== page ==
I'm not really sure how I feel about posting this, but I'm going to do it anyway. This is an excerpt from a story I began after reading its synopsis in the Adopt a Plot section of the NaNoWriMo boards. I never really had any big plans for it, which was good since shortly after I expressed interest in it, I was basically handed a cease-and-desist order in way of NaNo mail. Someone had gotten it before me.
As it turns out, what I wrote as a result of the plot suggestion wasn't really that great (as you'll see), but it was a cool idea anyway. So here ya go.
“I just don’t know what to do,” Elizabeth says, and closes the folder with a sigh. I sit in the straight – backed chair on the other side of her desk and say nothing. The silence stretches between us until finally I have to break it.
“I’m sorry,” I say, staring hard at the folder – my file – on the desk. “I didn’t mean – it just wasn’t working out.”
Elizabeth rubs a hand over her face. “But Claire, this is the sixth time it hasn’t ‘worked out’. I just don’t get how none of these families were a good fit for you.”
“I’m trying, Elizabeth,” I say as earnestly as I can. I haven’t actually been trying all that hard, but I really hate to disappoint Elizabeth. She’s my social worker and the closest thing to family I have these days.
“I’d like to think you are, Claire, but your file shows otherwise. I understand that it isn’t easy, being in your position, but there are thousands of children in the same exact place and somehow they’re able to make it work. The Ambersons were a good family – what happened?”
“They just...” I begin, but I have to stop because I don’t have anything to say. Elizabeth’s right- the Ambersons were a good family. But they weren’t my family, and by that, I mean the family I can see myself living with until I graduate. I look up at my social worker and my best friend. “I’m not doing this on purpose. I know you try really hard to find me good homes and I really want to like them. But no matter where I go, I just – I don’t fit in.” I look down at my hands resting in my lap. “They’re all nice, but I can tell that they would be happier without me there.”
“Claire Medina! That is not true!” Elizabeth sounds shocked at what I’ve said.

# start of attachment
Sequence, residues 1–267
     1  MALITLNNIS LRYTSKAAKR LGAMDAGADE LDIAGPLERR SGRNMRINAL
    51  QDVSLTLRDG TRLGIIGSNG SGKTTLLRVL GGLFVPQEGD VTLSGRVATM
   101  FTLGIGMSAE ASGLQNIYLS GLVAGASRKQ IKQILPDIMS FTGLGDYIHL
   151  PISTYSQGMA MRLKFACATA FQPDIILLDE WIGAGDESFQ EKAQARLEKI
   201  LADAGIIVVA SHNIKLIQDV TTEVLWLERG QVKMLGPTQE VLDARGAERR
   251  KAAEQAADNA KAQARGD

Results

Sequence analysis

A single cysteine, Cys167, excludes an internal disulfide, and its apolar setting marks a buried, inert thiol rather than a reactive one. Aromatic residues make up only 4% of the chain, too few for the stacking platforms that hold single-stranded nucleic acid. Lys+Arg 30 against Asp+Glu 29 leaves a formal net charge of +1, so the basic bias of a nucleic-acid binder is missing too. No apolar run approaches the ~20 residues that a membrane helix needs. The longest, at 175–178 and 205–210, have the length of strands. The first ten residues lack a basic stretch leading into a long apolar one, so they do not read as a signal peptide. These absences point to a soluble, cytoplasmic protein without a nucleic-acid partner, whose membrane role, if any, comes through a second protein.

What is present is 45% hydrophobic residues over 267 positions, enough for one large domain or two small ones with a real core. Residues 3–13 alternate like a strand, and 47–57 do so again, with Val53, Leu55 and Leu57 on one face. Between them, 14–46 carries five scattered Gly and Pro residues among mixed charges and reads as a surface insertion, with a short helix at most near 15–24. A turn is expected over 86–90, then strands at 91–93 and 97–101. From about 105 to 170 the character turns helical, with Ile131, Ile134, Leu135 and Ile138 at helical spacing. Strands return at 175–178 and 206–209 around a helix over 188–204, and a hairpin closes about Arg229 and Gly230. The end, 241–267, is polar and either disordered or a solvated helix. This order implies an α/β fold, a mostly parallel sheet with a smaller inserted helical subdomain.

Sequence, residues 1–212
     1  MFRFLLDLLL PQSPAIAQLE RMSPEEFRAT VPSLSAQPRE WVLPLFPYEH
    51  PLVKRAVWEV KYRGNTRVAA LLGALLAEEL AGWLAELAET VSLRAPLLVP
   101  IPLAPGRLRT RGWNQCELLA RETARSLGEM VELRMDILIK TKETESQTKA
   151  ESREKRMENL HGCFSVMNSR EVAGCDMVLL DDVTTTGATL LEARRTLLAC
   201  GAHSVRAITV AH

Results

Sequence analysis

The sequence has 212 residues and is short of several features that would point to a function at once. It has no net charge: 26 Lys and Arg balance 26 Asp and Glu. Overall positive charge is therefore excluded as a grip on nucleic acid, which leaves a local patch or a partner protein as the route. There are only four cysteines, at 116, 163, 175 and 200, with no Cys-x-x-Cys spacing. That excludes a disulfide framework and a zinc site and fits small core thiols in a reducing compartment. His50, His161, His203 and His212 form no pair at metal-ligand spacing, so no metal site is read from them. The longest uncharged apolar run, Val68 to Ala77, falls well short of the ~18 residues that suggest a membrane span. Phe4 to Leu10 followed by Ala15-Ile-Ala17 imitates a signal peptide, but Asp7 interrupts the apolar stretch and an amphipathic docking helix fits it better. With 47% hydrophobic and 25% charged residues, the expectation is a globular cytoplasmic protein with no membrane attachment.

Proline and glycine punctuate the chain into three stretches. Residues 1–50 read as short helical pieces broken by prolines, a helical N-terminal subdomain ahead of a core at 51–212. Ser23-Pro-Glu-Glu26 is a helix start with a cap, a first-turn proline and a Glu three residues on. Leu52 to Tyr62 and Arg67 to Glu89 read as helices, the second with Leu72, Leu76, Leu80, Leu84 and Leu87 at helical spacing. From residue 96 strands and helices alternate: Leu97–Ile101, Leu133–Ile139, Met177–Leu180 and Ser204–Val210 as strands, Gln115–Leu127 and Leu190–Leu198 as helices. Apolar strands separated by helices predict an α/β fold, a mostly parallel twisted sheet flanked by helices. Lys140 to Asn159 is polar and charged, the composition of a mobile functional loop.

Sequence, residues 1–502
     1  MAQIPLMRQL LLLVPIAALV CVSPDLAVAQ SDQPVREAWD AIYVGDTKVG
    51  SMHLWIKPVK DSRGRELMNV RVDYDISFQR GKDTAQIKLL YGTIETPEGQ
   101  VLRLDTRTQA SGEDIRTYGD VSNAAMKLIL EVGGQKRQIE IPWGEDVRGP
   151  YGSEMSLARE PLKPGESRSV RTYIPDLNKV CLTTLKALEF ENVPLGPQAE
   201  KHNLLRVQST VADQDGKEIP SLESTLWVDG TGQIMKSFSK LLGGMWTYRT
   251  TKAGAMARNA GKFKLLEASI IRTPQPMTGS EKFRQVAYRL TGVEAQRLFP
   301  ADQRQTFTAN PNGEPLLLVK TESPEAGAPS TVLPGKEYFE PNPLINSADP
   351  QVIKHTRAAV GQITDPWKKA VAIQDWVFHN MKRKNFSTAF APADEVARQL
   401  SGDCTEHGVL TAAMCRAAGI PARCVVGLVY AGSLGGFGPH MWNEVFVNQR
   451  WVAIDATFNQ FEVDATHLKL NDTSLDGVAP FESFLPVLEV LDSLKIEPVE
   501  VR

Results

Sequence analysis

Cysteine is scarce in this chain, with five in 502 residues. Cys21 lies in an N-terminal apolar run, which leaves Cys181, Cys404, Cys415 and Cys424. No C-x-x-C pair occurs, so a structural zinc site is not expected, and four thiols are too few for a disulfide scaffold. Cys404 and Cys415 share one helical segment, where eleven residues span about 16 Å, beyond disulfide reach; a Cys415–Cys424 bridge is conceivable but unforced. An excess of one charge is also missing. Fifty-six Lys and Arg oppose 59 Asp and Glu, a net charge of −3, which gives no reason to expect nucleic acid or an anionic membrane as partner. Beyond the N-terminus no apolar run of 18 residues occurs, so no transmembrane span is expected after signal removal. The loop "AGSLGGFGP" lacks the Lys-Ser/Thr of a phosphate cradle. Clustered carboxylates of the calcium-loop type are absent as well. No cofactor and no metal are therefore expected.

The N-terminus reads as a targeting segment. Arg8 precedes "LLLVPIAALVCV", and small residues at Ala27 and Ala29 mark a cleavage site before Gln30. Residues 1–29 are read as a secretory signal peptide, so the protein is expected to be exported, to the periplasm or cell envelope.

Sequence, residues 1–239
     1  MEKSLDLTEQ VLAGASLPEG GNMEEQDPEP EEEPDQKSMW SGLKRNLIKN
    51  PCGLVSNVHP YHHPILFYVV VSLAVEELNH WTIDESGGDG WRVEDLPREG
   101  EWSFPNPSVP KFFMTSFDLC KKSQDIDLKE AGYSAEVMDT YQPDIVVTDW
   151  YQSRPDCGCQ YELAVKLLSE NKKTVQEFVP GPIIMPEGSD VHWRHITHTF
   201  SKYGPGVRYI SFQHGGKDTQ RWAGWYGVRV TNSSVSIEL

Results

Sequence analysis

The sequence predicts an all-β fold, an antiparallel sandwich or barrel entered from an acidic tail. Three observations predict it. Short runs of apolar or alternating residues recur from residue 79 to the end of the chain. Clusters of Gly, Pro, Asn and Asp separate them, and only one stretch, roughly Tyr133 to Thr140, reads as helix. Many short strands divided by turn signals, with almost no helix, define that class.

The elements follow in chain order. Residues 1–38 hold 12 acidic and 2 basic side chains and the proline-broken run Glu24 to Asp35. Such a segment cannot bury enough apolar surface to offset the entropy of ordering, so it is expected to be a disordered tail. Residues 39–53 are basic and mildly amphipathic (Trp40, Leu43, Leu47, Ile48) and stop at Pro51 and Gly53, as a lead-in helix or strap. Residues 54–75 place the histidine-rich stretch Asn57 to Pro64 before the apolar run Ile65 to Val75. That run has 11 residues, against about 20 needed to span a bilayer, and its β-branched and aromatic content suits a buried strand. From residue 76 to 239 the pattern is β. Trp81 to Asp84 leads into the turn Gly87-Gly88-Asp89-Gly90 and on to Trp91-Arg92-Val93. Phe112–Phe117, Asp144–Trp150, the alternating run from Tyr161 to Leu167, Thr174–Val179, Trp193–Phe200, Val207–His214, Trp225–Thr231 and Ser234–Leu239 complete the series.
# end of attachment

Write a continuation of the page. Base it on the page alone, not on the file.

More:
“Isn’t there some way I can just live on my own?” I ask. “I’m almost eighteen, and you know I can take care of myself.”
Elizabeth gives me a long – suffering look. “You’re not almost eighteen, Claire. You just turned sixteen in March, which was only a month ago. We’ve had this discussion before – you have to live with a family at least until you’ve graduated, and then we can talk about the options available.” She takes in the look on my face. “Believe me, Claire, I know you could look after yourself, but my hands are tied. I’m going to try to find you another family as quickly as possible, but for tonight, you can stay at my place.”
At this news, my heart immediately leaps. When things went downhill with the Hollidays three years ago, Elizabeth had let me bunk at her house until another family was found for me and after that, whenever things didn’t work out, I always stayed there. It was almost worth failing again and again to get to spend time there.
Elizabeth tells me to gather my things and wait in the lobby until she’s finished. I leave her office and flop into a chair next to my suitcase and purse, which are taking up another seat. I take a magazine from the table beside me and flip through it without reading a word. Finally, Elizabeth comes out of her office and locks the door behind her.
“Let’s go,” she says, and we leave the building and cross the parking lot to her car. We’ve driven about ten minutes in silence when Elizabeth suddenly speaks. “Claire, there’s nothing wrong with you.”
I jerk my eyes from the window and turned to stare at her. “What?”
Elizabeth keeps her eyes on the road, but I don’t miss a single word. “I know you’ve had trouble working with the families you’ve been placed with, but don’t start thinking that it’s because of you. It’s true that you have to work to make a life with anyone, but it’s a team effort, and sometimes, people just don’t mesh.” She takes her eyes from the road for a second and smiles at me. “You’re a good kid. You’re smart, and your instincts are usually dead – on. Don’t forget that.”